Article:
Emphasis on the word “temporary”, because I want to stress the fact that productivity techniques don’t have to be permanent resolutions. But more on that later. First, the strategies:

Top 3 tasks per day

In my first month of unemployment, I started making daily to-do lists of the three most important things I wanted to get done that day. This included job-hunting tasks like “apply to 3 jobs” or “spend 1 hour searching for jobs to apply to” as well as personal tasks like “go to dentist” and social ones like “go to lunch with ex-coworkers”.

This was as much about helping me feel productive as it was about helping me actually be productive. After getting laid off I was in shock and pretty sad about not seeing my former teammates every day anymore. I knew that staying busy and checking tasks off my to-do list would make me feel accomplished and happy. I caught up on medical appointments and got my apartment cleaner and more organized than it’s ever been. This strategy helped me move on from seeing getting laid off as a misfortune to seeing it as an opportunity.

Morning routine

Another thing that helped me feel accomplished was a basic morning routine. Nothing fancy, just some typical tasks:

  1. Work out (most days)
  2. Shower and get dressed (in clean pajamas—screw real clothes!)
  3. Eat breakfast while reading a book
  4. Clean while listening to a podcast

Just like the top 3 to-dos, this was as much about helping myself stay busy and feel accomplished as it was about actually doing the things.

Inbox almost-zero

I’ve been that person who’s content to have 3,000 unread emails. It’s fine during times when basically none of my emails are from humans or need to be followed up on.

But during my job search there were lots of emails that needed follow-up in a timely manner. Keeping my inbox under control was essential for keeping track of what needed to be done. I didn’t maintain strict inbox zero, but I read everything, archived everything that didn’t require any action from me, and let a handful of emails requiring follow-up hang out in my inbox until I got to them.

Laptop for work, iPad for leisure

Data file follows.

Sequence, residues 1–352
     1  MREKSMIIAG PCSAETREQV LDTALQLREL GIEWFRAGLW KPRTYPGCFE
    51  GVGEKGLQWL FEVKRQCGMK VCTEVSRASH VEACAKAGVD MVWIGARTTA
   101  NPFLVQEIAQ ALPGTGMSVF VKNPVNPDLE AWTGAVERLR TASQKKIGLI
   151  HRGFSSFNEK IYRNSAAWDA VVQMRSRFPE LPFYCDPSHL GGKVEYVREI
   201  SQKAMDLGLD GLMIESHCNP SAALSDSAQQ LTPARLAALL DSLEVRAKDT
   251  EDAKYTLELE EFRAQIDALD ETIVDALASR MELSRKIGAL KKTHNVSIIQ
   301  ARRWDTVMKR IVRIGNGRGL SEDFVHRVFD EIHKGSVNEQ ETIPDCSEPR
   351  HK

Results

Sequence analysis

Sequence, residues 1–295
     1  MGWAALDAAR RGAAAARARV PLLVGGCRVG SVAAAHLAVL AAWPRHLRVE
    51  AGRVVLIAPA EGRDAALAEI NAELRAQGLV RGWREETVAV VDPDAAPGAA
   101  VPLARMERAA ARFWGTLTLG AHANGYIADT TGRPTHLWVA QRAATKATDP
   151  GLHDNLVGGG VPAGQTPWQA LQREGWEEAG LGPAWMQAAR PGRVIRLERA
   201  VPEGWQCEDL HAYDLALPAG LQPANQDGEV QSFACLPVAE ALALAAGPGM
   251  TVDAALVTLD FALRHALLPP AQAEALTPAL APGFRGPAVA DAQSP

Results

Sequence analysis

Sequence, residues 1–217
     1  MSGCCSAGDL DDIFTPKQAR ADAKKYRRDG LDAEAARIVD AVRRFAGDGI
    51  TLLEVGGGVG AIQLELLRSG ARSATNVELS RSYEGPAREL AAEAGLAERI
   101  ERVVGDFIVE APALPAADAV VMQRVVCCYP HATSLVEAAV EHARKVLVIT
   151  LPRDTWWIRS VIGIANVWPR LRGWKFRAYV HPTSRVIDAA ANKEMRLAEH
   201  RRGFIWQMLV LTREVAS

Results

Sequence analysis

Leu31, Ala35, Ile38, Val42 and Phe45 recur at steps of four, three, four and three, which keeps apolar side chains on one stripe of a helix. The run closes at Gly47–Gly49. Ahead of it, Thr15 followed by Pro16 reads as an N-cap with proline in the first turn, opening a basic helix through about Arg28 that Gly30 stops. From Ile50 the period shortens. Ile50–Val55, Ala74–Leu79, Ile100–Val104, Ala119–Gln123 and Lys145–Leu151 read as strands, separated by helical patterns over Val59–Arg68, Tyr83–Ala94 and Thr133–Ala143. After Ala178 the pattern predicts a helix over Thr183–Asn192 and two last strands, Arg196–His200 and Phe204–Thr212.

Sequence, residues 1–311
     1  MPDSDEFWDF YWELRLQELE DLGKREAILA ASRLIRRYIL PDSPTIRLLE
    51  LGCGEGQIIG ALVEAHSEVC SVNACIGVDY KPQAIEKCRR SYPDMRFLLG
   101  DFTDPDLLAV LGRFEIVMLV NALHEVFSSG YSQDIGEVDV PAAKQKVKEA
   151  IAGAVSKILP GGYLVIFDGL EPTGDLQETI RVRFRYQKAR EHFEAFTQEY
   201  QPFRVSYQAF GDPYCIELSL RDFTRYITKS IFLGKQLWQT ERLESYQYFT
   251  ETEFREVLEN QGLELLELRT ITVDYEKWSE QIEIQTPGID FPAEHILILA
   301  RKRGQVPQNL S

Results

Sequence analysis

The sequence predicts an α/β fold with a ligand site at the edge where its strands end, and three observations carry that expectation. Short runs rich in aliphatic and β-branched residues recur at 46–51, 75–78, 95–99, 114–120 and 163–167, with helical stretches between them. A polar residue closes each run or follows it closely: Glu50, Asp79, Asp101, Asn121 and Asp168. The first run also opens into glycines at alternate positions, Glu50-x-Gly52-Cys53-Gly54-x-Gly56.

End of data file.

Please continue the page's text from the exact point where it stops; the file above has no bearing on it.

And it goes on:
My go-to strategy for when I don’t want to be distracted by the internet is usually shutting down my computer, and not turning it on until I’ve done the things I wanted to do for the day.

This has worked well when I wanted to prioritize offline activities like cleaning, running errands, exercise, and reading books. However, while I was job hunting my most important tasks had to be done on the computer.

So, I created a rule for myself that my laptop was to be used strictly for work—which in my case meant job searching and various “adulting” tasks. I could still do time-wasting activities like browse Reddit, Youtube, and Twitter, but only on my iPad—and I did’t touch the iPad until I had done what I needed to do for the day.

I knew this was working the first time I opened up my laptop to do a small task, did the thing, and immediately shut my laptop.

(An added bonus was that I finally figured out what to use my iPad for—I had bought it about six months earlier and never really used it much, since my laptop is more comfortable to use and my phone is more portable. Now, I feel like I’ve gotten my money’s worth.)

But I’m not using these techniques anymore

Things changed. I accepted a job offer, yay! So now I’m not job searching, I’m just on vacation until my job starts in February.

I don’t really have that many things I need to do anymore. There aren’t many emails that need follow-up, or other time-sensitive tasks to do on my computer. I don’t need the feeling of satisfaction from checking tasks off a to-do list as much as I did when I was facing the uncertainty that comes with unemployment. I’m ok with wasting time on the internet, letting the emails pile up a bit, and letting a day go by without accomplishing 3 things. I’m watching Youtube on my laptop where I have Adblock and a bigger screen and allowing myself the luxury of composing tweets on a real keyboard.

I’ve felt bad in the past about giving up on other productivity strategies that I’ve tried, but this time I’m recognizing that I can let these ones go because I don’t really need them right now. I’ll remember them and come back to them if I need to, but it’s not a failure that I’m not sticking to them permanently.